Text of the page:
Monday, March 16, 2009

Morton White (Weisberger) Of 72 Madison Street

Cliff didn't know it but he broke the window of the shoe store that belonged to Morton white's father. We posted about Morton before, a most brilliant son of the LES who even knew Mazie from the Bowery

About Morton White, who is still alive in his 90's. I'm trying to contact him to collect any reward due
Morton White (born 1917) is an American philosopher and historian of ideas. He is both a central figure in the philosophical movement of Holistic Pragmatism and a noted historian of American philosophical thought. He was a professor in the Department of Philosophy at Harvard from 1953 to 1970, and since then has been at the Institute for Advanced Study in Princeton, NJ where he is currently professor emeritus.
White was born in the Lower East Side of New York City. White attended City College of New York as an undergraduate before doing his postgraduate studies at Columbia University, where he completed his Ph.D. in 1942 and was influenced by John Dewey. In 1949 he published Social Thought in America, a critical history of liberal social philosophy as represented by the ideas of Dewey, Oliver Wendell Holmes, Jr., Thorstein Veblen, Charles Beard, and James Harvey Robinson. When the book was republished in 1957 he added a preface in which he softened some of his criticisms, and he added an epilogue in which he attacked the religious liberalism of Reinhold Niebuhr and the conservatism of Walter Lippmann. "Time and recent events," he wrote, "have brought the liberal outlook under a very different kind of attack- an attack with which I have no sympathy- and I fear that my own critical observations might wrongly be associated with arguments, positions, and purposes quite foreign to my own." In his 1956 work, Toward Reunion in Philosophy, White attempted to reconcile the pragmatic and analytic traditions in American philosophy.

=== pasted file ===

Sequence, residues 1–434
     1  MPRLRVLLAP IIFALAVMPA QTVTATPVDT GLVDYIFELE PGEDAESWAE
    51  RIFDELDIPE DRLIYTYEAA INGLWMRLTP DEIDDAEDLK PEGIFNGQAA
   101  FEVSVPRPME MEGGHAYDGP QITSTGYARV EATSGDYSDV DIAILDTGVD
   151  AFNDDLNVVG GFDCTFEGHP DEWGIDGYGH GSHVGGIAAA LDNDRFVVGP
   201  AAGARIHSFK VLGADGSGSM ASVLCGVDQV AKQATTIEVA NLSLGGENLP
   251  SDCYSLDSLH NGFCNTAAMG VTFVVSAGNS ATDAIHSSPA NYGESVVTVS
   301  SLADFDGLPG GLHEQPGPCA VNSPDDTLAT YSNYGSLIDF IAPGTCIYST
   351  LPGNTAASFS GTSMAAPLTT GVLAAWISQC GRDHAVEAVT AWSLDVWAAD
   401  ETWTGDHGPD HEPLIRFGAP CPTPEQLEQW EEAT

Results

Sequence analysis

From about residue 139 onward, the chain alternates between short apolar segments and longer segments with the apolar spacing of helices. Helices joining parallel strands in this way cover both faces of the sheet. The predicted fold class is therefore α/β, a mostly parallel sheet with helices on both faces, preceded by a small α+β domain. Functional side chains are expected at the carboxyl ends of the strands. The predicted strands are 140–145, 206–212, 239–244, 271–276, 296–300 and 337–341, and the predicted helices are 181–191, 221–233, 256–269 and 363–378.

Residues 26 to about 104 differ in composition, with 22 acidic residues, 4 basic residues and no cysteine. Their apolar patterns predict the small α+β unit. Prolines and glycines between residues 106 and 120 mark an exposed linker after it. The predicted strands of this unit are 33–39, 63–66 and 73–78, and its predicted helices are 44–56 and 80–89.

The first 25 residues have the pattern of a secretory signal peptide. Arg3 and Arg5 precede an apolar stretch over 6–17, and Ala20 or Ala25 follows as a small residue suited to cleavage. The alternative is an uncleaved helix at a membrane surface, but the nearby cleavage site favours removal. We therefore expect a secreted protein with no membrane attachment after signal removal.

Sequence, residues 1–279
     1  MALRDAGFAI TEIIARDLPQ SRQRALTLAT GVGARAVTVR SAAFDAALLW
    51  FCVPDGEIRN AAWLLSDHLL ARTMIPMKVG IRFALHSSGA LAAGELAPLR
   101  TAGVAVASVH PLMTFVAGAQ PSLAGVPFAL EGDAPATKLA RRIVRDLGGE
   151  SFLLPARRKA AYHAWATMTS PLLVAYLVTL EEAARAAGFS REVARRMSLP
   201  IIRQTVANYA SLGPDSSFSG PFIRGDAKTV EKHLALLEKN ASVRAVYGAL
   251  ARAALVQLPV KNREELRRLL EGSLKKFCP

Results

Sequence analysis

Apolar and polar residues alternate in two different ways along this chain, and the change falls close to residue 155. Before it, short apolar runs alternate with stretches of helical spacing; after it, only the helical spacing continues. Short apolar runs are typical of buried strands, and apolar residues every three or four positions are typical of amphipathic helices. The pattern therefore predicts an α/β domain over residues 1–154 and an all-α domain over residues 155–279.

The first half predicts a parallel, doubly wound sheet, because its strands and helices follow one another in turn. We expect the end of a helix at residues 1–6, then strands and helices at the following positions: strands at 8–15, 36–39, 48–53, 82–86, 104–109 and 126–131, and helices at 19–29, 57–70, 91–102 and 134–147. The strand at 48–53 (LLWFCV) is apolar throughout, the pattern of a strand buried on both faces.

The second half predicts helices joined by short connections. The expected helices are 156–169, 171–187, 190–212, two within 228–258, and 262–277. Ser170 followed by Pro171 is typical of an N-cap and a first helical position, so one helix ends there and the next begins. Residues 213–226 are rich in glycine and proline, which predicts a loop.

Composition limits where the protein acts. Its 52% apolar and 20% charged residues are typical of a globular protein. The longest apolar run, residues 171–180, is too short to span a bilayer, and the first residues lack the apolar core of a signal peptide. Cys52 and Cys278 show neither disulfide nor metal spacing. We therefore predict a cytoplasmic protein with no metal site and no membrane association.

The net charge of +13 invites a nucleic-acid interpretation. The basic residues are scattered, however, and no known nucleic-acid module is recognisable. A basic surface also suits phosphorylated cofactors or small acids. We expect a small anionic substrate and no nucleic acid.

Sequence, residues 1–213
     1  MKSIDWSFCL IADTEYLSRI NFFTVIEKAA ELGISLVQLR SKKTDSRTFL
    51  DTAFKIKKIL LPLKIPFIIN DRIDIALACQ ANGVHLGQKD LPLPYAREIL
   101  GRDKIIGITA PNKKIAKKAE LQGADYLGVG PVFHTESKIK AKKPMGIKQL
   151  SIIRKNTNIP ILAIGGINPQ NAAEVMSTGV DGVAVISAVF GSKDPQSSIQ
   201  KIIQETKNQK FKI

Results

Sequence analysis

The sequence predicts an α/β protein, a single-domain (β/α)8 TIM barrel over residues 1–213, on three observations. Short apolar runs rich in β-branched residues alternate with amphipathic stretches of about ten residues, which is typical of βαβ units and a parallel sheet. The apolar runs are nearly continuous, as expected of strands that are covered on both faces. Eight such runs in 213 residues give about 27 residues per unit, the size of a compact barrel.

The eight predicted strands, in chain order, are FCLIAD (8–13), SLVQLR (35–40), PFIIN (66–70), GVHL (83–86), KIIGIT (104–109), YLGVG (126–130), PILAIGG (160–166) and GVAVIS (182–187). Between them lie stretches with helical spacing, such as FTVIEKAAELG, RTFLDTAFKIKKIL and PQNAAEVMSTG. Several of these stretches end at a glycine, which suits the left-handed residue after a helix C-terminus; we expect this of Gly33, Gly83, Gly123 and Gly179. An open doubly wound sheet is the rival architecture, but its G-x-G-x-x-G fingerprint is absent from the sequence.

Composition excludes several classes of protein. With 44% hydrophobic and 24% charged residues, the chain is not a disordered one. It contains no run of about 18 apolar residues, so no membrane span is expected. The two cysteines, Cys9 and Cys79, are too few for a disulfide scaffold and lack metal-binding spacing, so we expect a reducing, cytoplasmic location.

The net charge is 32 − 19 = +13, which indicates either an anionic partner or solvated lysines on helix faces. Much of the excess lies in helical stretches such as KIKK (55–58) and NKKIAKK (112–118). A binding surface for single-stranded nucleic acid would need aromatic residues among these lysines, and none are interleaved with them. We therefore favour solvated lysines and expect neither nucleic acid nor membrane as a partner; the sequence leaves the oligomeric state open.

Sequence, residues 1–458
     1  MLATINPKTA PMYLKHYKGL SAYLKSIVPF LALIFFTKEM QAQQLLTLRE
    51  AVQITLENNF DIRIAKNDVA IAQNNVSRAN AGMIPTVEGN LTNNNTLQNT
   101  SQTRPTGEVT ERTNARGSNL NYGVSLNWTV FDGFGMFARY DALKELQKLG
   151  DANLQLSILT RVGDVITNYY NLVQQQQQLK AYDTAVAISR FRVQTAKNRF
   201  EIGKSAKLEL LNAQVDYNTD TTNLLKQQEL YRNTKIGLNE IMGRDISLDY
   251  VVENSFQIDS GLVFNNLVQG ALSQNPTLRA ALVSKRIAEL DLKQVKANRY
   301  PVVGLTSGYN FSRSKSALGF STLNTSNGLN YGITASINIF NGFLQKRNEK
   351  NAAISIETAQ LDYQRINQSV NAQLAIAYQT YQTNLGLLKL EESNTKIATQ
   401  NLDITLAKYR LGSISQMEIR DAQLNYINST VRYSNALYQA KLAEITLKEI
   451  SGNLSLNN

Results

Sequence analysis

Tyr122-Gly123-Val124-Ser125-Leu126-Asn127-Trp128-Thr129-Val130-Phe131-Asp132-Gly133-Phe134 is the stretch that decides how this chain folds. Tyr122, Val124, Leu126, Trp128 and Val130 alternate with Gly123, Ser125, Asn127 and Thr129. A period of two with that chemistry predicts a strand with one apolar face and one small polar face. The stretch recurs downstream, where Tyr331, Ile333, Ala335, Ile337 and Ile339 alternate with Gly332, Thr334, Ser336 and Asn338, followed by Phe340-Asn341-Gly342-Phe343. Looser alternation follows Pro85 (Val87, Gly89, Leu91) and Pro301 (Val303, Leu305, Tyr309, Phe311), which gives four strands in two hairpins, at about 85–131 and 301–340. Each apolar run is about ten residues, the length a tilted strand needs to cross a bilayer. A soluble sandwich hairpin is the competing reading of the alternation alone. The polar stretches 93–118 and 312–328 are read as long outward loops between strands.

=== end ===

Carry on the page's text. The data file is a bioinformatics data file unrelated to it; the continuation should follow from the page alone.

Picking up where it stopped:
At Harvard, White was a colleague of Willard Van Orman Quine, and the philosophical views of the two are closely related, particularly in their rejection of a sharp distinction between a priori and empirical statements. But White rejects Quine's view that "Philosophy of science is philosophy enough." Using the framework of Holistic Pragmatism, White argues that philosophical inquiry can just as well be applied to cultural institutions beyond science, such as law and art.

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